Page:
Welcome to another part of the series C# From Scratch, a course dedicated to teaching you everything you need to know to be productive with the C# programming language.
In the previous part of the series, we looked at the different versions of .NET that are available to use for our C# projects. That part of the series is available here.
In this part of the series, we’ll look at what .NET does for our application.
What Does .NET Do?
Your computer can’t execute the code you write in C# directly.
To actually get code to execute on your machine (or any machine for that matter), you need an additional piece of software that translates the instructions in your source code file into something that can be executed by the computer. For C#, this additional piece of software is .NET.
.NET can be broken down into two main parts. There is the Common Language Runtime, more commonly known as the CLR, and the Framework Class Library, known as the FCL.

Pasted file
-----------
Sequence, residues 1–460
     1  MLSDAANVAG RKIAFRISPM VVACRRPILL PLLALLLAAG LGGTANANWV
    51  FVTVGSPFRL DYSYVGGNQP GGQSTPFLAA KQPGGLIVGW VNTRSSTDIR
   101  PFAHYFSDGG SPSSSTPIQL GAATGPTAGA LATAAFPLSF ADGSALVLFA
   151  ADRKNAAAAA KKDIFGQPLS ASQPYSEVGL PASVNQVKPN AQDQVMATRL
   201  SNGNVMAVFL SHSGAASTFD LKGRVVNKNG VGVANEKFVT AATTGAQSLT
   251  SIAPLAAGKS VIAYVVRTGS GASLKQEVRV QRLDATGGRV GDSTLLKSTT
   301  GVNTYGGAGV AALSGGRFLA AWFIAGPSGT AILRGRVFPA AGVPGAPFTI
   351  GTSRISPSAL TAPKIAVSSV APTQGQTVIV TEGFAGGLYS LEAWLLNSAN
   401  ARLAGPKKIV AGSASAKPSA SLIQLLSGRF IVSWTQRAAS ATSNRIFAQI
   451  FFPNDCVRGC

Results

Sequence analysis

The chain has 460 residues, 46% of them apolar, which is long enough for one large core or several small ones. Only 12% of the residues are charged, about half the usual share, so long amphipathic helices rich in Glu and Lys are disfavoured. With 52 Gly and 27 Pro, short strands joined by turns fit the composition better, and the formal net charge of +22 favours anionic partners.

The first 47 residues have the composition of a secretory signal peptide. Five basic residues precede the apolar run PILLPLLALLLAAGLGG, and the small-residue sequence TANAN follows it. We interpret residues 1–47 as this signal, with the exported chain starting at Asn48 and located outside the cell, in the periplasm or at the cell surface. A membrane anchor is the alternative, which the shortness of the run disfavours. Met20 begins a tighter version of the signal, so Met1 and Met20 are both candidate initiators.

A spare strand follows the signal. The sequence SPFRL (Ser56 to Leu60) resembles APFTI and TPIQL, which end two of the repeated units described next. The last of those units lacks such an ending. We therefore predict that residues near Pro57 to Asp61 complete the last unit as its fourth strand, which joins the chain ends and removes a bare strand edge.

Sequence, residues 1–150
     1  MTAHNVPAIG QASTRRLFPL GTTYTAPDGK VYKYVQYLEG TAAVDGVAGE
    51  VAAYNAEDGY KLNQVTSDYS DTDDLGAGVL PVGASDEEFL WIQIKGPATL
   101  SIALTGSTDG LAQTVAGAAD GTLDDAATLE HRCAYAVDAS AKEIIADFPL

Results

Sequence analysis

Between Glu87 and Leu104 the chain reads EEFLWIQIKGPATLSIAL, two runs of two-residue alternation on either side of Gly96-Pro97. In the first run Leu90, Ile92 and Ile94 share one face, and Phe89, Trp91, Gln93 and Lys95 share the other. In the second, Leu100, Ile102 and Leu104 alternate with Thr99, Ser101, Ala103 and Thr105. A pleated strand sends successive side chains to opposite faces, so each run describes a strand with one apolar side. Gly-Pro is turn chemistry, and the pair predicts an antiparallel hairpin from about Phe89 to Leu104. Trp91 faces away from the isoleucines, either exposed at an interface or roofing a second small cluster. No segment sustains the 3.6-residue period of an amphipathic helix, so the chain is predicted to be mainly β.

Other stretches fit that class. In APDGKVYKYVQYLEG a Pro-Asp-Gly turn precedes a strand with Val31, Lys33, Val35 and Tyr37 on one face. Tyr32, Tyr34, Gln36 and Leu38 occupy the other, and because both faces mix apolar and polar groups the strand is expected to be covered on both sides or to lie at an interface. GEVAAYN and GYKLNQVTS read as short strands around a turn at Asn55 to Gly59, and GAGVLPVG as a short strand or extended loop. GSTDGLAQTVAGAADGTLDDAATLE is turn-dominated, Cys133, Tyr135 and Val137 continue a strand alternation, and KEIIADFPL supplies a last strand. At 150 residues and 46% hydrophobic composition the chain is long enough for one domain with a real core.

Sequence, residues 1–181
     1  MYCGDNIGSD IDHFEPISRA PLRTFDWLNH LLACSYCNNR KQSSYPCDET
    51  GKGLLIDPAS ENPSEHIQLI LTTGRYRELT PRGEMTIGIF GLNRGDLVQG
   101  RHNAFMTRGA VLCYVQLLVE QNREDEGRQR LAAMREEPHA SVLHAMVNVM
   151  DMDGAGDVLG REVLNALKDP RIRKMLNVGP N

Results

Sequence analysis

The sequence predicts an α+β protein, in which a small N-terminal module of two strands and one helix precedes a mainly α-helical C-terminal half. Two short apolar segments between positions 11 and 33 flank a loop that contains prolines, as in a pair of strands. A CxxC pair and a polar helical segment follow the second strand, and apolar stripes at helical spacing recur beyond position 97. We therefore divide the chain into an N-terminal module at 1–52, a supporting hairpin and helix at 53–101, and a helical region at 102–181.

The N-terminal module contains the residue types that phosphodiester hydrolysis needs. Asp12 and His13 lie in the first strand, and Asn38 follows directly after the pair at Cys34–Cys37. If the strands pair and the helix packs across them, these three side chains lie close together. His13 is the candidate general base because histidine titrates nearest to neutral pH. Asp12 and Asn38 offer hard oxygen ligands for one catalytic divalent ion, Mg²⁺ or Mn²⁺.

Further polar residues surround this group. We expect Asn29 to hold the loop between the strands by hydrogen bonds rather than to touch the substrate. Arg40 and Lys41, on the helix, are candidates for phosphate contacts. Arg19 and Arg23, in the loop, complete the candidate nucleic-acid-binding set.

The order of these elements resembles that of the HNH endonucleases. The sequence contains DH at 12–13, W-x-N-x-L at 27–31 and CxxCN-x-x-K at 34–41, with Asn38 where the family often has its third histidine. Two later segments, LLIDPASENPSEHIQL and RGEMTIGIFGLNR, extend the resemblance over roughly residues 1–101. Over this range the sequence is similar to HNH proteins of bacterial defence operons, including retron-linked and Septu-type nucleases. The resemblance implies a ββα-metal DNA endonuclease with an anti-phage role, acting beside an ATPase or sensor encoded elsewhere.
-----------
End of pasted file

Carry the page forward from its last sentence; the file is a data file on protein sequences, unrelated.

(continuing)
The Common Language Runtime
The CLR is responsible for running your .NET application.
The CLR is the tool that executes your application — it starts your application, manages the memory that your application is using and translates the instructions in your source code into instructions that the processor can understand.
The Framework Class Library
The Framework Class Library is a library of code that is written and tested by other developers.
You can use the Framework Class Library to perform common tasks in your application without having to write the code yourself. Using software from the Framework Class Library, you can perform basic tasks like opening files, storing data in a database and, communicating over a network.
The SDK that you downloaded and installed on your machine contains the .NET Runtime, the Framework Class Library, and some additional tools to make developing .NET applications with C# easier.
Now that we understand the parts of .NET and what .NET does for our application, let’s create our first application using a tool that was installed as with the .NET SDK — the .NET Command Line Interface.
Missed a part of the series? You can find an overview of the series and links to all previous parts on the index page.